Israel Officially Suspends Peace Talks, Will Not Negotiate with Terrorists

April 25, 2014

4 min read

Israel Suspends Peace Talks
Israel Suspends Peace Talks
Israeli Defense Minister Moshe Ya’alon (L), Foreign Minister Avigdor Liberman (C) and Prime Minister Benjamin Netanyahu seen in the plenum hall of the Israeli parliament, March 12, 2014. (Photo: Flash 90)

Israel has announced that it is fully suspending peace negotiations with the Palestinian Authority in the wake of an announcement regarding a national unity agreement between the PA and Hamas.

Israeli Prime Minister Benjamin Netanyahu and top-level members of his security cabinet “decided unanimously that it will not negotiate with a Palestinian government that incorporates Hamas, a terrorist organization that seeks the destruction of Israel,” a government statement said.

Speaking on the cabinet’s decision, Netanyahu commented, “Instead of choosing peace, Abu Mazen [Abbas] formed an alliance with a murderous terrorist organization that calls for the destruction of Israel.”

He said that Abbas has signed a treaty with “an organization whose covenant calls for Muslims to fight and kill Jews.” Hamas, the ruling party in the Gaza Strip, has fired over 10,000 missiles towards Israel and “has not halted terrorist actions against Israel even for a minute.”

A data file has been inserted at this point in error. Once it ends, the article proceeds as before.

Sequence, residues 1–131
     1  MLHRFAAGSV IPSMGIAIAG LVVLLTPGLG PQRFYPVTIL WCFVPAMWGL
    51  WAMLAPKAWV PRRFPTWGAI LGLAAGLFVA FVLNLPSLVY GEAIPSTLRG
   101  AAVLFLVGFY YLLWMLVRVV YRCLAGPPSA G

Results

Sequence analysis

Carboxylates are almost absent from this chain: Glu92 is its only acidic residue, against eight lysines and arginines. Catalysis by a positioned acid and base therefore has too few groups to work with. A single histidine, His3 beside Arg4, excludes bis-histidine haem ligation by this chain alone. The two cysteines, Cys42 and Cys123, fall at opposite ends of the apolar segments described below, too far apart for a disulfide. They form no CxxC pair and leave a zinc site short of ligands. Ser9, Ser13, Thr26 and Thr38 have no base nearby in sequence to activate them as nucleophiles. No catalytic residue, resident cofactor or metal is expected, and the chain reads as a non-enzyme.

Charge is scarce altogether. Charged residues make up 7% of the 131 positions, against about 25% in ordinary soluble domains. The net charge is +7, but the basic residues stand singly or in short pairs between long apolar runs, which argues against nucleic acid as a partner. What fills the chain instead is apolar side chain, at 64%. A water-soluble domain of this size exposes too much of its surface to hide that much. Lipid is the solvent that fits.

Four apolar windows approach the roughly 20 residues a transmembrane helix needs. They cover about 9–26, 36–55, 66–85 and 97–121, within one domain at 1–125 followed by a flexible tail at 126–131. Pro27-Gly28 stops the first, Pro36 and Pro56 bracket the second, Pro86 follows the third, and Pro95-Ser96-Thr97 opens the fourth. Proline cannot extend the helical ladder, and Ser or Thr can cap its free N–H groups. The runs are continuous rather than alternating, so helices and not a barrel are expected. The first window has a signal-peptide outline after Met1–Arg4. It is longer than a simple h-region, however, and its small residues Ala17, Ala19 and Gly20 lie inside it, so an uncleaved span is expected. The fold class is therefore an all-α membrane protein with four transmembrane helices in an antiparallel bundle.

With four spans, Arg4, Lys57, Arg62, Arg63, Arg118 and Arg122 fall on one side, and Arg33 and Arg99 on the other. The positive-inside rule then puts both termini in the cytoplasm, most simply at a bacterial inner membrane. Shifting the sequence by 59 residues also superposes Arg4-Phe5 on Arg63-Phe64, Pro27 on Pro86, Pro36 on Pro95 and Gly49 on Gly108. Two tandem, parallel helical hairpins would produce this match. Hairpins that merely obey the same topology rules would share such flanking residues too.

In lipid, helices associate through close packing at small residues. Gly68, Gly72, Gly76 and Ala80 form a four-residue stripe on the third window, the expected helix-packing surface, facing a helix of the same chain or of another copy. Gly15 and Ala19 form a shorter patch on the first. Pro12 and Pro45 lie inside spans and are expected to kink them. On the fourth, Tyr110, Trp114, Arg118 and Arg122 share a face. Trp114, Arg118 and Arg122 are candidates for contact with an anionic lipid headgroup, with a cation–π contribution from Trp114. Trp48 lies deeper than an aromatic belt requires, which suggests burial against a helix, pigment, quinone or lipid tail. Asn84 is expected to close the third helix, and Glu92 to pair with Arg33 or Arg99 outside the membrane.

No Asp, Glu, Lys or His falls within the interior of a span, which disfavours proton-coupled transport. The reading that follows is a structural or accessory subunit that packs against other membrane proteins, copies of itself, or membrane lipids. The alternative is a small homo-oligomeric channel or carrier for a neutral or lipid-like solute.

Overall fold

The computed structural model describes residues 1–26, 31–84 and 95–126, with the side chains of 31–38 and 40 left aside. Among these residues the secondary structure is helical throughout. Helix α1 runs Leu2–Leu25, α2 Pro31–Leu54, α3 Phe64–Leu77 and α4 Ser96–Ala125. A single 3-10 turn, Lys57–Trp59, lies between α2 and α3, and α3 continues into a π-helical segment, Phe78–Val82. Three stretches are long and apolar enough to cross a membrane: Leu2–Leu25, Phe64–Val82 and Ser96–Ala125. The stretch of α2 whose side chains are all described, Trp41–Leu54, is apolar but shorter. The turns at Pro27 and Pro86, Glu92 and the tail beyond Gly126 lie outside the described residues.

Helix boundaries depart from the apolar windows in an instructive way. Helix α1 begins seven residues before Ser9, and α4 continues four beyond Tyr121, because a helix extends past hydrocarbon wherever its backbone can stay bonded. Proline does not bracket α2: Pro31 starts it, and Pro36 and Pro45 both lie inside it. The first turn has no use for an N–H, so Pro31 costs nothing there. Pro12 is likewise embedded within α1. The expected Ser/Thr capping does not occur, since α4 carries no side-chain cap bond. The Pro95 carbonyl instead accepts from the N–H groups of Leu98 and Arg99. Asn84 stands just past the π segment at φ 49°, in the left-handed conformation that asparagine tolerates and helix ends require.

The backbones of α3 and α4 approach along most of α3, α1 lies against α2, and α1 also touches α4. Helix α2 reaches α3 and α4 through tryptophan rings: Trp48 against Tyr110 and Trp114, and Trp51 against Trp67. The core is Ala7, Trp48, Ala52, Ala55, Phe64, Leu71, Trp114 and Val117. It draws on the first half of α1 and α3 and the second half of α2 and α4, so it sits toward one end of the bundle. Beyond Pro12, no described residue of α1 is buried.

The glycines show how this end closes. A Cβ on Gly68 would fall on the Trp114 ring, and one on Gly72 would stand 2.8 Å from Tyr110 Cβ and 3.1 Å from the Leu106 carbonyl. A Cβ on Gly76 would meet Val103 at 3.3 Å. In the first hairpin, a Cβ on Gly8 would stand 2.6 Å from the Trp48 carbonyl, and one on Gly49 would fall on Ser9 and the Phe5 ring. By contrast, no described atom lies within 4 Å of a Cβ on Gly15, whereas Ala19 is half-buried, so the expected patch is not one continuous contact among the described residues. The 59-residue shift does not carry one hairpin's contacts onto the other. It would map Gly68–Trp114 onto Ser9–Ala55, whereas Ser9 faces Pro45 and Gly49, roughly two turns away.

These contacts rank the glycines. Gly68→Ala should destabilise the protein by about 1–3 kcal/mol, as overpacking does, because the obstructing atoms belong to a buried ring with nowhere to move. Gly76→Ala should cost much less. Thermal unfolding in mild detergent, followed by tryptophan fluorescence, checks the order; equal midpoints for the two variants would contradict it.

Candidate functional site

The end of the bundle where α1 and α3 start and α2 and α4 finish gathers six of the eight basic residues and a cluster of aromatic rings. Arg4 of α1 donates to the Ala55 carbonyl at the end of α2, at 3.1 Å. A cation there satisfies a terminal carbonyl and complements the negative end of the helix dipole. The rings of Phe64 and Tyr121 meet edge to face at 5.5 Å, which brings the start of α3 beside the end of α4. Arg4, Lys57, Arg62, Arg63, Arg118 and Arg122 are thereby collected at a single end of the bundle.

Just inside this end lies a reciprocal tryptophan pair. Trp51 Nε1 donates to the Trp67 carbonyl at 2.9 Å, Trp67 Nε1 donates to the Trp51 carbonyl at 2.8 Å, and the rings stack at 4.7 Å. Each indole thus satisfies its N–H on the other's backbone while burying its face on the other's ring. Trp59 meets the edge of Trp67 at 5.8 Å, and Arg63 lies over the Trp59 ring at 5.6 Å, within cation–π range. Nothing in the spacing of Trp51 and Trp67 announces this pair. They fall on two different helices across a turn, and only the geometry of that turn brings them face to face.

The announcement of the unity deal is a “direct continuation of the Palestinian refusal to advance the talks,” Netanyahu said, referencing the Palestinians rejection of a US framework peace agreement to extend negotiations last month.

“The agreement between Abu Mazen and Hamas was signed even as Israel is making efforts to advance the negotiations with the Palestinians,” the prime minister said. “Whoever chooses the terrorism of Hamas does not want peace.”

In an emergency meeting that lasted all Thursday afternoon, Israel also agreed to introduce increased economic sanctions against the PA, including withholding tax revenue Israel collects on behalf of the PA.

Livni and Bibi
Israeli Prime Minister Benjamin Netanyahu and Justice Minister Tzipi Livni (Photo: Flash90)

Israel’s Justice Minister and chief peace negotiator Tzipi Livni said Israel had no choice but to suspend talks. “First of all, the decision to suspend talks is a correct decision,” she said in an interview with Channel 2.

“It may be that for Abu Mazzen [Abbas], Hamas is a political entity. For us, and for the entire world, it is a designated terror organization that does not recognize our existence, and acts against civilians through terror,” she said.

Israeli officials have pointed out that the carefully worded government decision to suspend talks does not rule out a future time when peace talks can resume. Should PA President Mahmoud Abbas fail to create a unity government with Hamas in the next five weeks as scheduled, Israel would be willing to return to the negotiating table.

Livni stressed that “we didn’t close the door” on future peace talks. However, Israel has made it clear that it will not negotiate with any government that has relies on Hamas support or includes Hamas ministers in positions of power.